While he was an optimist, Kemal was also a realist and knew that a deft compliment often paved the way with others. When a fellow officer and would-be revolutionary was denounced for “subversive talk,” Kemal praised the local commander’s patriotism. Flattered, the local commander agreed that the officer wasn’t a traitor.
He stayed focused on his goal at all times – freedom for Turks. That determination helped power his defense of the country. He won widespread acclaim at the battle of Gallipoli, where Ottoman forces repulsed superior Allied troops and sank several British naval vessels.
Kemal still strove for more. At one point, as the most successful officer there, he insisted that all the forces along a particular front be put under his command. Asked if that was too much responsibility, he replied: “On the contrary, it is not enough.”
He pushed himself hard, often sleeping just a few hours a night. He pored over dispatches, and he kept a constant stream of messengers busy while he communicated with his subordinates.
After World War I, Kemal took charge of the decimated Ottoman army. It had little respite; over a four-year period it had to repel enemy armies that tried to invade at the same time Kemal was fighting the army of the ruling sultan.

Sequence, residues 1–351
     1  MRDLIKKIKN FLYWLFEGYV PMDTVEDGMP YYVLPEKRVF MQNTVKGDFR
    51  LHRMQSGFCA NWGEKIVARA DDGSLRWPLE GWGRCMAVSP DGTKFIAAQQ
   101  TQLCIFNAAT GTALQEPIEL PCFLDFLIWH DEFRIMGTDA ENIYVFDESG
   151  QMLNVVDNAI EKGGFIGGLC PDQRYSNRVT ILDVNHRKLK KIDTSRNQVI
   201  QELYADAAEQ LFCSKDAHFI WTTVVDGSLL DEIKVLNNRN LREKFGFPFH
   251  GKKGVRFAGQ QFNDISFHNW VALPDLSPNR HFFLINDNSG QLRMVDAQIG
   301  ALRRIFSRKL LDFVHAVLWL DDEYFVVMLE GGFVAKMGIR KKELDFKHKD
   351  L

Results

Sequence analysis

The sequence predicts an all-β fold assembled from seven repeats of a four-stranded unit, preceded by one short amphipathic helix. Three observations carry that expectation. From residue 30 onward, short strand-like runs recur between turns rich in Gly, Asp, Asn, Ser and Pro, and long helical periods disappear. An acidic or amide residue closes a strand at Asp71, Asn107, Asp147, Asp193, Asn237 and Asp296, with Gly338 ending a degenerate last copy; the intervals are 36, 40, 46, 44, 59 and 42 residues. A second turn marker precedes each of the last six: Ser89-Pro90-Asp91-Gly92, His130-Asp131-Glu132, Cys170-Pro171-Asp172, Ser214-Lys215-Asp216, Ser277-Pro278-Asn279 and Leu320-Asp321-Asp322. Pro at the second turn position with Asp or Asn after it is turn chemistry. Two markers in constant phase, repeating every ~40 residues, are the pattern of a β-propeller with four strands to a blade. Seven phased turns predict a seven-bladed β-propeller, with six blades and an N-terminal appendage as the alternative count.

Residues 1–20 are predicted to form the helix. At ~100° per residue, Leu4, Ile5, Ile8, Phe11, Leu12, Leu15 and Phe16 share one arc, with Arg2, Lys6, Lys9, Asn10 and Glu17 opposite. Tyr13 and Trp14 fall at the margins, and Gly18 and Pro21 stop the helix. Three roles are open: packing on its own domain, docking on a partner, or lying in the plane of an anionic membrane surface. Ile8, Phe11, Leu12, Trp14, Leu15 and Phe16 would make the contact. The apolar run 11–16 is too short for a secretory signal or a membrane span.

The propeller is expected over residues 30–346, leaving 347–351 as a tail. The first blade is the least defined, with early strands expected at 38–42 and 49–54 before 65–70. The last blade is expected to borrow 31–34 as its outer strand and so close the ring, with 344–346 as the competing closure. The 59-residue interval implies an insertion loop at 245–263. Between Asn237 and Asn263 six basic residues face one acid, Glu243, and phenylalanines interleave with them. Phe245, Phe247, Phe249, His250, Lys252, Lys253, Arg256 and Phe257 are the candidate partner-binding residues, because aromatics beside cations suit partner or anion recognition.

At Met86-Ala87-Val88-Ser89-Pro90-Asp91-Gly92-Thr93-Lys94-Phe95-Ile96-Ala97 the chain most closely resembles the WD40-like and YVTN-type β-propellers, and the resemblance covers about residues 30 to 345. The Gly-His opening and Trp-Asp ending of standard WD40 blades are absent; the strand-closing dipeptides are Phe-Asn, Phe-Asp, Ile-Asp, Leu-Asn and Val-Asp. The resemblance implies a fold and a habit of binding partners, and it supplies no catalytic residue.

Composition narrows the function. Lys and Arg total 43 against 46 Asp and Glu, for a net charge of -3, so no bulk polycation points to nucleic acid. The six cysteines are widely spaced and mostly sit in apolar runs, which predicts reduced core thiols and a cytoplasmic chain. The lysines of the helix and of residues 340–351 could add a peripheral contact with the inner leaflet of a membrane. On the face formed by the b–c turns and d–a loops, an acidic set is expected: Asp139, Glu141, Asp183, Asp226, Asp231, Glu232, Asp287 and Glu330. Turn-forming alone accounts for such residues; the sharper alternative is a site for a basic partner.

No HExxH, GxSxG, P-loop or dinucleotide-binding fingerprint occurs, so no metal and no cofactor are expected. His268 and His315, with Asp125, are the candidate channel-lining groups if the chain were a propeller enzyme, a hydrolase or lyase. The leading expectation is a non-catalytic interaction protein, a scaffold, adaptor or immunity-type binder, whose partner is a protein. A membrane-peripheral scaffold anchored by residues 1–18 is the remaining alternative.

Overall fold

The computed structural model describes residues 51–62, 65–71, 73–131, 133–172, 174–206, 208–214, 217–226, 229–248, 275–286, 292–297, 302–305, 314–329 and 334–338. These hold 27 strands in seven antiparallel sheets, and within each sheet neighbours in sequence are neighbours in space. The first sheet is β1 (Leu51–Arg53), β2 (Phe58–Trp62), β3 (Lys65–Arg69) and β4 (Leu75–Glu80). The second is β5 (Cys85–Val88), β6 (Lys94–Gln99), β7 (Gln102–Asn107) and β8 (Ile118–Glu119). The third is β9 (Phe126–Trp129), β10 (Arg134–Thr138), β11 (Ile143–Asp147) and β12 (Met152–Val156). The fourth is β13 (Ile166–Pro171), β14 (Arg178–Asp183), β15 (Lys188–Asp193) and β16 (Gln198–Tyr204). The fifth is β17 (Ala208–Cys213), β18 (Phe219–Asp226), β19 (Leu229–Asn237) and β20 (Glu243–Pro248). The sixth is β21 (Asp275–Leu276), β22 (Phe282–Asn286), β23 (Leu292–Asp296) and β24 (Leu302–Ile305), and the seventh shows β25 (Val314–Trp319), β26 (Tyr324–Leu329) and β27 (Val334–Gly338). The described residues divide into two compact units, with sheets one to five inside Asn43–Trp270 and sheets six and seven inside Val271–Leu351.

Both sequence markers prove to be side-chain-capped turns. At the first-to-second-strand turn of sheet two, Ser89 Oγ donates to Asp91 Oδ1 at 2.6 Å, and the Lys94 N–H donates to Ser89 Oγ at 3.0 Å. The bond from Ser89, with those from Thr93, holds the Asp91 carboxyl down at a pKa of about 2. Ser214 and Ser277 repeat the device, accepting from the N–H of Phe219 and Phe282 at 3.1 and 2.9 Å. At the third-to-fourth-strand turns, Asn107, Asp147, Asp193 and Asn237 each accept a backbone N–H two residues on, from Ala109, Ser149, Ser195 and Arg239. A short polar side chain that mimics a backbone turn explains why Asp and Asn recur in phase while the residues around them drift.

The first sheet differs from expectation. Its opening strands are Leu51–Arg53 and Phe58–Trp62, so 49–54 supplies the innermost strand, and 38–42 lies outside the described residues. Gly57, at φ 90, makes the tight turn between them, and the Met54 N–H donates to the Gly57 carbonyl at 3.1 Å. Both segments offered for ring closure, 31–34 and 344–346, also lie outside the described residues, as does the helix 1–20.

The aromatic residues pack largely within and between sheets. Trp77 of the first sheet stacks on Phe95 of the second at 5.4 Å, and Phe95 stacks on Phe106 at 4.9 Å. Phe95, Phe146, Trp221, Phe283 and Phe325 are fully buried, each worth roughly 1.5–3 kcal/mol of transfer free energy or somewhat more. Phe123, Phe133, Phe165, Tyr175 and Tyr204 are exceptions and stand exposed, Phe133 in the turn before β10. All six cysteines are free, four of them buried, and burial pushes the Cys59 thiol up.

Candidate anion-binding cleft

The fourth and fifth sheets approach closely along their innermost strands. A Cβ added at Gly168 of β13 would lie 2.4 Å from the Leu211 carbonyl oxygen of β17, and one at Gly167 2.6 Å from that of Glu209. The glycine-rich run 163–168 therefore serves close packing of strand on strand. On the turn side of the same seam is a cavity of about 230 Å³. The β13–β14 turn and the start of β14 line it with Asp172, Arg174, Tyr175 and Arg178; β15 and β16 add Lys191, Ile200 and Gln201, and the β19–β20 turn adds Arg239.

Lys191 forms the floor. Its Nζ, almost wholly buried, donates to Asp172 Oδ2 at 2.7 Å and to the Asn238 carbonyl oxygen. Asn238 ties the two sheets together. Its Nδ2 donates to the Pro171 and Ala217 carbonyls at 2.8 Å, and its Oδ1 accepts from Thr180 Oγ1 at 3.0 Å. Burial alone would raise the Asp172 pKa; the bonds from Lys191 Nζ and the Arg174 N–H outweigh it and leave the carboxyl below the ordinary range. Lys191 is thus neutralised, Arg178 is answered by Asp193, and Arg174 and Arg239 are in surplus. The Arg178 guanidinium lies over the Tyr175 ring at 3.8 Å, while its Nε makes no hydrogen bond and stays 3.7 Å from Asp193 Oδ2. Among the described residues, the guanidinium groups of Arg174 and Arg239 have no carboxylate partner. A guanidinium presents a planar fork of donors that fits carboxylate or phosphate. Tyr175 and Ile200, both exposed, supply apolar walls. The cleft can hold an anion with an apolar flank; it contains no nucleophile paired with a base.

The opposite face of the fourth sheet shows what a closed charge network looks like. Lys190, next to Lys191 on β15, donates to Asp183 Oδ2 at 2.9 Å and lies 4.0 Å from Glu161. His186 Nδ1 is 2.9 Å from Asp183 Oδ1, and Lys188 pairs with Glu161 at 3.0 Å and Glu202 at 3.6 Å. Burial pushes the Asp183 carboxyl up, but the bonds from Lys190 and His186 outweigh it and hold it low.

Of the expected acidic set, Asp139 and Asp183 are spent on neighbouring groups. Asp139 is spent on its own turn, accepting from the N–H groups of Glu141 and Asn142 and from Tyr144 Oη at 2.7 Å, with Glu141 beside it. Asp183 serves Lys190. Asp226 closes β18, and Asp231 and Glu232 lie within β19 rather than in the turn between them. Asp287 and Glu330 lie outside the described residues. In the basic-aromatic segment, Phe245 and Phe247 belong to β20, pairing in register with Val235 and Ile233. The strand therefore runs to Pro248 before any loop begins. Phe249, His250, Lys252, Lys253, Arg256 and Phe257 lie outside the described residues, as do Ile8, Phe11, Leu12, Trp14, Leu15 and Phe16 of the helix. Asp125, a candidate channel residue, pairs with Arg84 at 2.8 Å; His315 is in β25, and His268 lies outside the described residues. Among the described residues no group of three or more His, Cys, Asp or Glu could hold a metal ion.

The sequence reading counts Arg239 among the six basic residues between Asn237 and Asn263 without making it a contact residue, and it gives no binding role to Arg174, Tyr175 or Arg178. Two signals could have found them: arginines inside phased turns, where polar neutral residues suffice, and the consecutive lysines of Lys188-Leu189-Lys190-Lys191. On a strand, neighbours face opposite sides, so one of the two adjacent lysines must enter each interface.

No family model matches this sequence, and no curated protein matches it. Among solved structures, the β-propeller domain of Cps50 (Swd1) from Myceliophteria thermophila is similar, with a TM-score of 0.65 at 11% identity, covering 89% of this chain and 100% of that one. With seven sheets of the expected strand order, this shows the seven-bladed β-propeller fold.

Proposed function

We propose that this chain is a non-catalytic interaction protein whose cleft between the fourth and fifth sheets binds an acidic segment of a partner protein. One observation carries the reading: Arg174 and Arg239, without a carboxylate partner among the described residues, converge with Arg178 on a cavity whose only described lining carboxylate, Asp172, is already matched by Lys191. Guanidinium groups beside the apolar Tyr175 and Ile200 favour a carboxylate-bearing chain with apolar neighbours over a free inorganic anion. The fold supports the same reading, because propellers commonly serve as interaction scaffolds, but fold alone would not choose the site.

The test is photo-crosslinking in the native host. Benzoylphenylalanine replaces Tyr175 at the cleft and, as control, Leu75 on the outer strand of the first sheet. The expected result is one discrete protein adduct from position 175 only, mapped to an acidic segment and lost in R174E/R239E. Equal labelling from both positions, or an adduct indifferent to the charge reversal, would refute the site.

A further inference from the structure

While he was willing to keep fighting, Kemal understood the importance of timing. With the invaders battered by the Turkish ferocity, he saw it was time to start negotiation. He called other leaders to sit down with him and talk about the future.
In 1923, Turkey signed the Lausanne Treaty with Britain, France, Italy, Greece and others. Shortly thereafter, the Turkish Republic was proclaimed, and Kemal was named its president.
He was 42 and had achieved his ambition. Now he wanted to build on his position so he could bring Turkey into the modern world.
He believed in acting fast. Years earlier, as a young officer, he wrote: “If ever I acquire great authority, I think I would introduce in a single stroke the transformation needed in our social life. I do not accept and my spirit revolts at the idea entertained in some quarters that this can be done (only) gradually.”
Eyes Wide Open
While Kemal pushed through a series of reforms, he didn’t do so blindly. He’d been planning what he’d do for years. As much as a decade earlier he’d discussed abolishing the veiling of women, educating them and allowing them into professions.
He introduced changes in the civil and penal codes, putting them on a European rather than Muslim model. He eliminated Arab script, which had been used in Turkey for thousands of years, and introduced the Latin alphabet.
He made education from grade to graduate school free, co-educational and secular.
He pushed young people to learn about the arts and sciences so that they were well armed to help their country grow.
SOURCE: “MILITARY AND POLITICAL LEADERS & SUCCESS” (From IBD’s popular Leaders & Success section), with and introduction from William J. O’Neil, founder of INVESTOR’S BUSINESS DAILY, New York: McGraw-Hill, 2005, pages 169-172.
Jakarta, 14 May 2014